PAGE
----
The Miracle Twins: Couple celebrates miraculous journey of premature twins

Couple celebrates miraculous journey of premature twins

In a heartwarming tale of resilience and hope that captured the hearts of many, Karabelo and Tshegofatso Pebane of Bloemfontein celebrated a remarkable milestone – the homecoming of their ‘miracle twins’ King and Kingston.

Born prematurely at just 26 weeks, the identical twin boys faced a daunting battle for survival, weighing a fragile 430 grams (Kingston) and 490 grams (King). This marked the start of an emotional rollercoaster for the Pebane family, with the Life Rosepark Hospital's Neonatal Intensive Care Unit (NICU) becoming their home for 98 days.

Reflecting on this difficult journey, Karabelo emphasised the incredible recovery of their twins, who were discharged on January 19th – their original due date coincidentally. ‘Their discharge, without any medical complications after their intensive care stay, earned them the title of miracle twins,’ he said appreciatively.

However, the road to this moment was not without challenges. At 26 weeks into the pregnancy, Tshegofatso and Karabelo, had to face a critical decision: To deliver the twins prematurely. Doctors, faced with the complexity of the situation, conveyed the stark reality – a 30% chance of survival for the twins. But the Pebanes courageously embraced this uncertain path, their hopes lifted by the incredible dedication of Rosepark Hospital’s medical team. ‘It was not an easy decision,’ Karabelo recalled, ‘I started fasting for 12 hours per day, until the day they were born.’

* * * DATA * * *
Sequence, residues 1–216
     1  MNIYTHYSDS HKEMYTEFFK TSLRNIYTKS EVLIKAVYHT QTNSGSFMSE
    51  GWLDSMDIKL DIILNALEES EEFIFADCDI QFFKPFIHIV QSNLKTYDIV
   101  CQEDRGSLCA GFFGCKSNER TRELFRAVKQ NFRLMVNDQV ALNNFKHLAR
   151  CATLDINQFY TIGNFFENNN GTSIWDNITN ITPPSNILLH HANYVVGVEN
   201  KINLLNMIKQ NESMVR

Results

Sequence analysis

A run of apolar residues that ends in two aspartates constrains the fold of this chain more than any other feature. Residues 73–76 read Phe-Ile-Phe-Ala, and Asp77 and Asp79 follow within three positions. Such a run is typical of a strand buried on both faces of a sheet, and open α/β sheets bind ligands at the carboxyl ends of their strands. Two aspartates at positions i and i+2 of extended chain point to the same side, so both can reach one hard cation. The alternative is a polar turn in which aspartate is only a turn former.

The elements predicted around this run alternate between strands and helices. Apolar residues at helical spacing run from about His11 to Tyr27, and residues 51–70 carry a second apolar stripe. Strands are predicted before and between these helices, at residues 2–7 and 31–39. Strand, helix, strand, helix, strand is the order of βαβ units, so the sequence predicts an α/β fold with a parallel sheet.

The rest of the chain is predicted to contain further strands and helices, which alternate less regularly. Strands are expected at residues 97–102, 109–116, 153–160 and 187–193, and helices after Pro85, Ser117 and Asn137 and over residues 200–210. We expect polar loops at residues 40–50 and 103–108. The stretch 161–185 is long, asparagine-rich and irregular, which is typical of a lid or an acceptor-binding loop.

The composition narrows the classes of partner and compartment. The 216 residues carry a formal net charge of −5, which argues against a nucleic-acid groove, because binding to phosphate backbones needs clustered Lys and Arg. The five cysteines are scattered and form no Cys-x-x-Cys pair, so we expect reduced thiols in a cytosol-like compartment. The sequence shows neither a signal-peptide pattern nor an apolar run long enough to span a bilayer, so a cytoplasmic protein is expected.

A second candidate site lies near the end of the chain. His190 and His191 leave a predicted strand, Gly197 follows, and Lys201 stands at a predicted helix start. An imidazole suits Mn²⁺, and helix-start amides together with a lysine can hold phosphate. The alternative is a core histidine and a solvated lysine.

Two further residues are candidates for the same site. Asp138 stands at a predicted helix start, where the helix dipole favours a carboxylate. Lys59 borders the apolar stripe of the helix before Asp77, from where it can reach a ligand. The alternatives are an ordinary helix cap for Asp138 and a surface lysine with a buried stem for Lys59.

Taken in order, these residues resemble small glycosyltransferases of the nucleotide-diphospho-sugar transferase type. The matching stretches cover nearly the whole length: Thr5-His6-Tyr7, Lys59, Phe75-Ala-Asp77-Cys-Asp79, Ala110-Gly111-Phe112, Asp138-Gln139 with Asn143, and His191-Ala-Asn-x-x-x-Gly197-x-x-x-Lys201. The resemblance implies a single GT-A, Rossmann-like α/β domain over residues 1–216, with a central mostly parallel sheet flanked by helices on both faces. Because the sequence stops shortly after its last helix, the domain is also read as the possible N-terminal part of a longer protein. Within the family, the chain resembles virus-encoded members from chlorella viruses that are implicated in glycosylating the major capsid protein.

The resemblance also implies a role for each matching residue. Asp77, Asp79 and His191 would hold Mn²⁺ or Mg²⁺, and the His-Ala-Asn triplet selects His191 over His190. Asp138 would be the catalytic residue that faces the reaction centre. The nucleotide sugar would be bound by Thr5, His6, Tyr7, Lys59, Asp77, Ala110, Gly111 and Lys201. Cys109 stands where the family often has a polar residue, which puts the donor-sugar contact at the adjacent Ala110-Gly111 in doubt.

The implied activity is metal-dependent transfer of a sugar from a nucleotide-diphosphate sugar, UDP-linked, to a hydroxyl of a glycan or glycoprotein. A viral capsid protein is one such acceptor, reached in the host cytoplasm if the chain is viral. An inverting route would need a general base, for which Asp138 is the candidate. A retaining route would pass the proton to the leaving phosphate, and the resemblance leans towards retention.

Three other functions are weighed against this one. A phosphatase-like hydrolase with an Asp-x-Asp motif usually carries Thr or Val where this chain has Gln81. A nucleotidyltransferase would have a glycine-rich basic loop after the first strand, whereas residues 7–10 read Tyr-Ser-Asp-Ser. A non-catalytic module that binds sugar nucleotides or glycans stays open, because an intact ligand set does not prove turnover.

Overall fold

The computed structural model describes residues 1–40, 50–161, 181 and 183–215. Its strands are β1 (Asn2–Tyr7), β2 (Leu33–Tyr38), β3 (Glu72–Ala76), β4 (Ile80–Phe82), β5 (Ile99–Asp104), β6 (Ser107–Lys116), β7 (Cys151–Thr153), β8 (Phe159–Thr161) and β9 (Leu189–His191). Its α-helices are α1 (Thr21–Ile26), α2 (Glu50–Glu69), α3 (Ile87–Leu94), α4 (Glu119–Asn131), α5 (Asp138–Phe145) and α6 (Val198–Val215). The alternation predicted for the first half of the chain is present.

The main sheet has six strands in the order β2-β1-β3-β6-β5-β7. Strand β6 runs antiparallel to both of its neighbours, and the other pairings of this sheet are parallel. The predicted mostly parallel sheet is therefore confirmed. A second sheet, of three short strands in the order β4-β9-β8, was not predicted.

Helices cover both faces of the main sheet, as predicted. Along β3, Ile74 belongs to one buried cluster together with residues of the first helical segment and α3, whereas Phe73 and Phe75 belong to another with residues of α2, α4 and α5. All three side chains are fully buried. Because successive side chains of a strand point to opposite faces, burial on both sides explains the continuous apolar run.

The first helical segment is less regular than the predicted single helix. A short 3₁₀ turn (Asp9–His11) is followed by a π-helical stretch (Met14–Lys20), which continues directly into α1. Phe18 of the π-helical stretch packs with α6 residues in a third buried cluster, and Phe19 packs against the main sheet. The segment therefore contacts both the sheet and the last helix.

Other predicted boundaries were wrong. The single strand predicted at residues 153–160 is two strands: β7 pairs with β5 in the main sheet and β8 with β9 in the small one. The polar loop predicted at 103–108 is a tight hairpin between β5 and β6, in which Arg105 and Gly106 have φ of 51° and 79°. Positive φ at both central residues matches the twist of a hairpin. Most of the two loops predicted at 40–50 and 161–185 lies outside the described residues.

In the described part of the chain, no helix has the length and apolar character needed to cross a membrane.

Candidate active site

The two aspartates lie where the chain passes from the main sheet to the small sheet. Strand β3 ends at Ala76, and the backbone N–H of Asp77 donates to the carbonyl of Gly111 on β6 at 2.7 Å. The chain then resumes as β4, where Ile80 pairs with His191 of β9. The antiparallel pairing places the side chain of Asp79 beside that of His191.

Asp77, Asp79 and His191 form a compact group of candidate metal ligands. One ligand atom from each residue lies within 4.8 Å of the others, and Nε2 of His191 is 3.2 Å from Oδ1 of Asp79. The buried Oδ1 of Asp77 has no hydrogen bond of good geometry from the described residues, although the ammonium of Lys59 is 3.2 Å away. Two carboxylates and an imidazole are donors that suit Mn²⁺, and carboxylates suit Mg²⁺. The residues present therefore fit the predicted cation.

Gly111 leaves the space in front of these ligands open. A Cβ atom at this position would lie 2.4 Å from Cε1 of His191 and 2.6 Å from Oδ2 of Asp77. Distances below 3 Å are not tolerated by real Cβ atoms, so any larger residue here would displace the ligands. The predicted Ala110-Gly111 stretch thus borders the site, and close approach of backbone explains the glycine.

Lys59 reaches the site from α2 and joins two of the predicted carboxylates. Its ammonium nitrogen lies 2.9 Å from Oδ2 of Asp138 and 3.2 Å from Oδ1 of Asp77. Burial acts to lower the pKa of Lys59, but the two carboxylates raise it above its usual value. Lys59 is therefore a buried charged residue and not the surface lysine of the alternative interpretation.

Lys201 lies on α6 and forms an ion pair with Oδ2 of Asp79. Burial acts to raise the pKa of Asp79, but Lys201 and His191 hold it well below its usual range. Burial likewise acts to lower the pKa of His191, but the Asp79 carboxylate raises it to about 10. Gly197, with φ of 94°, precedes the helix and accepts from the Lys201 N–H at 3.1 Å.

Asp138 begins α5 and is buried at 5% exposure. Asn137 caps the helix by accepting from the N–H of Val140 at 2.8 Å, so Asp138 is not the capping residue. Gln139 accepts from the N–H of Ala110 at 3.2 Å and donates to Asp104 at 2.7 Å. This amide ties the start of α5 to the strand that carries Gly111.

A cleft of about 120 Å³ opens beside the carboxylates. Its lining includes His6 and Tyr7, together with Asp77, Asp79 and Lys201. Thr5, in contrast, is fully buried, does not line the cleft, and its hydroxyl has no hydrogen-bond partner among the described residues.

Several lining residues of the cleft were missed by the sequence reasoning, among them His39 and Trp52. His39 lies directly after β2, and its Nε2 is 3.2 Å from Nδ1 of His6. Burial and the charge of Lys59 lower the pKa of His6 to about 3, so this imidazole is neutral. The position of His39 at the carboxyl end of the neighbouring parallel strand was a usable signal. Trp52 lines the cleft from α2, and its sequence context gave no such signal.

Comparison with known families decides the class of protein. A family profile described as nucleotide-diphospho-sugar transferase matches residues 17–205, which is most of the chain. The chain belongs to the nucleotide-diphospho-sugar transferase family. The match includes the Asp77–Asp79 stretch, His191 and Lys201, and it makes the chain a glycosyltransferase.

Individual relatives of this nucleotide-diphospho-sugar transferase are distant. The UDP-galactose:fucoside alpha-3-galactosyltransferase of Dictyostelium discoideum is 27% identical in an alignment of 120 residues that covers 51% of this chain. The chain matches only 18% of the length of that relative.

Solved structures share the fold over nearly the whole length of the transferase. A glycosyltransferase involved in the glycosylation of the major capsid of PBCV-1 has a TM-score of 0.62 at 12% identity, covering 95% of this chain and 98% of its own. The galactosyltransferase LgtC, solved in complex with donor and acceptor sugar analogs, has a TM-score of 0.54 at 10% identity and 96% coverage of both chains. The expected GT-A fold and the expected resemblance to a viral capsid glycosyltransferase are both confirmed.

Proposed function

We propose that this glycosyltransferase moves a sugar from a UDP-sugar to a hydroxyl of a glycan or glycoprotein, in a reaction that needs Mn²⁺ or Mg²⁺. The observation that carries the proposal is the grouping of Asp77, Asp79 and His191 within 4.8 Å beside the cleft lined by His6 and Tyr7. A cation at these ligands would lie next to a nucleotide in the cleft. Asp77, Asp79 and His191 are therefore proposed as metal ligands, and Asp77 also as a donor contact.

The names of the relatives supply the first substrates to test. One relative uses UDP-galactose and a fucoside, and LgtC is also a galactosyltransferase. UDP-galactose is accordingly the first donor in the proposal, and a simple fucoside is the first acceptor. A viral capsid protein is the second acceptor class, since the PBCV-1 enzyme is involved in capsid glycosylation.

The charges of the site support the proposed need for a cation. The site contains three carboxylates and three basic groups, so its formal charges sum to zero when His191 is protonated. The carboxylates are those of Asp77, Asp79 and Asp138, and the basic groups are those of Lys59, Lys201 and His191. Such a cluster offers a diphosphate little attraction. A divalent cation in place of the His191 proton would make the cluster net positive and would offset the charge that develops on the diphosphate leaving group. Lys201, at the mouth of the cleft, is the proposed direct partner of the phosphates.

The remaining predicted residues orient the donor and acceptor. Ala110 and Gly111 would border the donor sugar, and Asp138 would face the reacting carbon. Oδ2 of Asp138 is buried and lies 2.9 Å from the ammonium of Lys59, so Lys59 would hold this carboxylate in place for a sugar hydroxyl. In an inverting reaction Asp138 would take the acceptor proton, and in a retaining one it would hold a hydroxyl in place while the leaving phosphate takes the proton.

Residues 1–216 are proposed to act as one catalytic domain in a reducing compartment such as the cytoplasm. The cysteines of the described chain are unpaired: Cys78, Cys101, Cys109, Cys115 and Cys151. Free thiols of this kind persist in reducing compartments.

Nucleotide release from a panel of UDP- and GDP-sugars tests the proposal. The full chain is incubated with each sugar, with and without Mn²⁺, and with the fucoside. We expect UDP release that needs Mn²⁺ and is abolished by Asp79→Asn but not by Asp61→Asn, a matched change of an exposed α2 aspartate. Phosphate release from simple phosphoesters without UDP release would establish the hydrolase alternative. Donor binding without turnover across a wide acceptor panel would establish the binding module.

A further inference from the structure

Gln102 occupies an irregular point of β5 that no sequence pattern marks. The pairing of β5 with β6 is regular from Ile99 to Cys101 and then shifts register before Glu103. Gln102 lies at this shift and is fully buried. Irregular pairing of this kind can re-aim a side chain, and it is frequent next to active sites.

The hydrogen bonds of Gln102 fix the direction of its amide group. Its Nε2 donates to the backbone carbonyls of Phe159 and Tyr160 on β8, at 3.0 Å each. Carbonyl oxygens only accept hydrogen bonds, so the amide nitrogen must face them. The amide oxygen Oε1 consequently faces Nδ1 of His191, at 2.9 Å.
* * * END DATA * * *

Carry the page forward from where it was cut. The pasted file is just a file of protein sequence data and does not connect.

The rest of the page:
Amidst this emotional turmoil, the Pebane family found solace in the unwavering support of Bonitas, their medical aid provider. The financial burden, soaring to an incredibly high amount per child, was fully covered by Bonitas.  A fact the Pebanes acknowledge with deep heartfelt appreciation. The couple say that the service they received from Bonitas was super amazing as not once during the three months of the twins’ hospitalisation, did they have to stress about claims not being paid.

The twins' discharge was marked by a touching moment – a guard of honour at the hospital's entrance, attended by nearly half of the hospital staff. This event was truly a testament to the extraordinary nature of the ‘miracle twins’ case. Additionally, it was also the first time that Rosepark hospital had dealt with a premature birth of this nature.

Beyond the joy of returning home, the Pebane family faced the tough reality of adjusting to life outside the hospital walls. The first few days at home were not easy at all,’’ they admitted. King and Kingston each had a nurse assigned to them for every 12-hour shift while in the hospital,’ said Karabelo Being home was a stark contrast from the constant care received in the NICU and adapting to life and their care at home.

As the ‘miracle twins’ embark on their next chapter, their story resonates with the power of resilience and the positive impact of compassion and care in the face of adversity. King and Kingston Pebane symbolise not just survival but the triumph of hope against all odds.